Home Business News Since the Chancellor was sacked by Liz Truss there is some ‘slight optimism’ for investors

Since the Chancellor was sacked by Liz Truss there is some ‘slight optimism’ for investors

by LLB Finance Reporter
14th Oct 22 2:31 pm

After the Prime Minister sacked Kwasi Kwarteng there has been some “slight optimism”  for investors and is now set to go back on her tax pledge.

Mike Owens, UK Sales Trader at Saxo, said, “GBP rose to $1.136 in the early hours, but has since scaled back to $1.120, as the country awaits the PM’s latest update, bringing slight optimism to investors who watched the market tank off the back of Kwasi Kwarteng’s ‘growth plan’ last month.

“This morning the Chancellor has ended up losing his job, with Truss, who has persistently insisted she is not for turning, now set to go back on her corporation tax pledge, instead raising corporation tax to 25 percent, previously set by Rishi Sunak.

“This historic U-turn could bring some joy to the market, though act as a warning and increase uncertainty over further short term change of hearts, which will continue to see the economy travel down Liz Truss’ political helter skelter.”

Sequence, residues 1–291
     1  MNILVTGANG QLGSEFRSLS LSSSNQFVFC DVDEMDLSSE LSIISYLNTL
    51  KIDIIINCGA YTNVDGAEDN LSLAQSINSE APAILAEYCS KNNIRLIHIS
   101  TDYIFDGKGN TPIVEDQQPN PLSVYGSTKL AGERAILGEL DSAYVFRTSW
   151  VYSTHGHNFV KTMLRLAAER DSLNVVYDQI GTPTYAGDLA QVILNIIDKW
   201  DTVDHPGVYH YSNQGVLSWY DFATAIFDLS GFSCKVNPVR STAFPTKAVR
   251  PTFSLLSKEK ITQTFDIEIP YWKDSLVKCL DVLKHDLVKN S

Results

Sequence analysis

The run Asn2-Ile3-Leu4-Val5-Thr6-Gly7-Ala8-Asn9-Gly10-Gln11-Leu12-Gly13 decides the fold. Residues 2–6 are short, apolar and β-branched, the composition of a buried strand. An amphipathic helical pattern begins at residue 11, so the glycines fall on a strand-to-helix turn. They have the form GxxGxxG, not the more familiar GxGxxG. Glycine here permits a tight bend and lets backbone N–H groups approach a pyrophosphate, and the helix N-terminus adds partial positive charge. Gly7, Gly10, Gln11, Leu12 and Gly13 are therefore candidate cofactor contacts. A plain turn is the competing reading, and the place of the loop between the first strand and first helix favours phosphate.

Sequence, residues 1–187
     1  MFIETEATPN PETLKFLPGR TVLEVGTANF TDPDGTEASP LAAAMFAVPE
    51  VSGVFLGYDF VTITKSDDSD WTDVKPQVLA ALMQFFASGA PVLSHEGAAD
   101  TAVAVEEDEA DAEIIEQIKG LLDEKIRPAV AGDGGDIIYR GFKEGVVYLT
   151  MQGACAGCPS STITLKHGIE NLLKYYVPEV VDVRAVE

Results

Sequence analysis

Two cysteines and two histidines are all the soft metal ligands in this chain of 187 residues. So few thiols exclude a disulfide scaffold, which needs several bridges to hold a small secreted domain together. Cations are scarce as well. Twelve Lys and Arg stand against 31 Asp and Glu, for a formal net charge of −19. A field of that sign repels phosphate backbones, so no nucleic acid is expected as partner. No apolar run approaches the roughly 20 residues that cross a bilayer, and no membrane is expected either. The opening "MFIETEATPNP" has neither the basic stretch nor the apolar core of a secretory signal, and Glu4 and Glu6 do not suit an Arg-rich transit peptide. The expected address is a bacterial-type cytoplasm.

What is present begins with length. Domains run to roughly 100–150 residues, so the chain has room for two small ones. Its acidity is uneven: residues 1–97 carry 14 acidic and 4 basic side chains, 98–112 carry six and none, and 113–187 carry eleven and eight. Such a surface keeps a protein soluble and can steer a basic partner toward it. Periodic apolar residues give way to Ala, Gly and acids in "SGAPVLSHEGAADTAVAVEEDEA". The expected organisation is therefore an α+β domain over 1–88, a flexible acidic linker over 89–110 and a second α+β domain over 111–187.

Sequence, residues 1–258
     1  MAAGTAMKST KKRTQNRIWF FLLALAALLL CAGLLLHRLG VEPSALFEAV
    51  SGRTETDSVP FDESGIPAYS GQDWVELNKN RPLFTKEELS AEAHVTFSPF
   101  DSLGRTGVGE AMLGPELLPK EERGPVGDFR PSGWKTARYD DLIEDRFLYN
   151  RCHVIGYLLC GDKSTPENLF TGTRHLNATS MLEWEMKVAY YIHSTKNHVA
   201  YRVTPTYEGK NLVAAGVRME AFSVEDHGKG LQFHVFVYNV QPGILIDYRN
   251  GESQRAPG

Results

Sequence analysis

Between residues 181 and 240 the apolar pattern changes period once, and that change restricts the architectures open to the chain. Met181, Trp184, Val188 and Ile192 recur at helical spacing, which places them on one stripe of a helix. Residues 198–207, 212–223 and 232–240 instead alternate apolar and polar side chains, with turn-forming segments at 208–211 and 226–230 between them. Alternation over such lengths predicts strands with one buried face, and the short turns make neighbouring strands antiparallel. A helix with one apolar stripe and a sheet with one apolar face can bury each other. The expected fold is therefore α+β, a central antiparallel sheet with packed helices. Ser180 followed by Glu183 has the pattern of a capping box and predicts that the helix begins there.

James Watkins, Head of Policy and Public Impact at London Chamber of Commerce and Industry (LCCI), said, “With business confidence at an all-time low, we are extremely disappointed that the Government has brought about so much unnecessary volatility in recent weeks.

“The turmoil in financial markets has implications for the real economy. Business confidence is near non-existent – one in three businesses expect their own profitability to worsen over the coming 12 months – and the removal of the Chancellor brings more uncertainty for business trying to plan into the year ahead.

“Spiralling energy prices, an increasingly bleak monetary situation, and a lack of communication between the government and business are deeply concerning for firms, and by extension, the UK’s economic landscape.

“What businesses need is long-term clarity on policy, regulations, and taxes which can only be brought about by a stable government. In the absence of this, businesses across London and the UK will suffer through no fault of their own.

“The new Chancellor must commit to a reset in relations between government and business that will encourage macroeconomic stability and put the UK economy back on the path to growth.

“For this to happen, the government must set out a path to sustainable finance and give businesses clarity on their future fiscal policy. Stability must be restored as a matter of urgency to enable businesses to plan for the future and aim for growth.”

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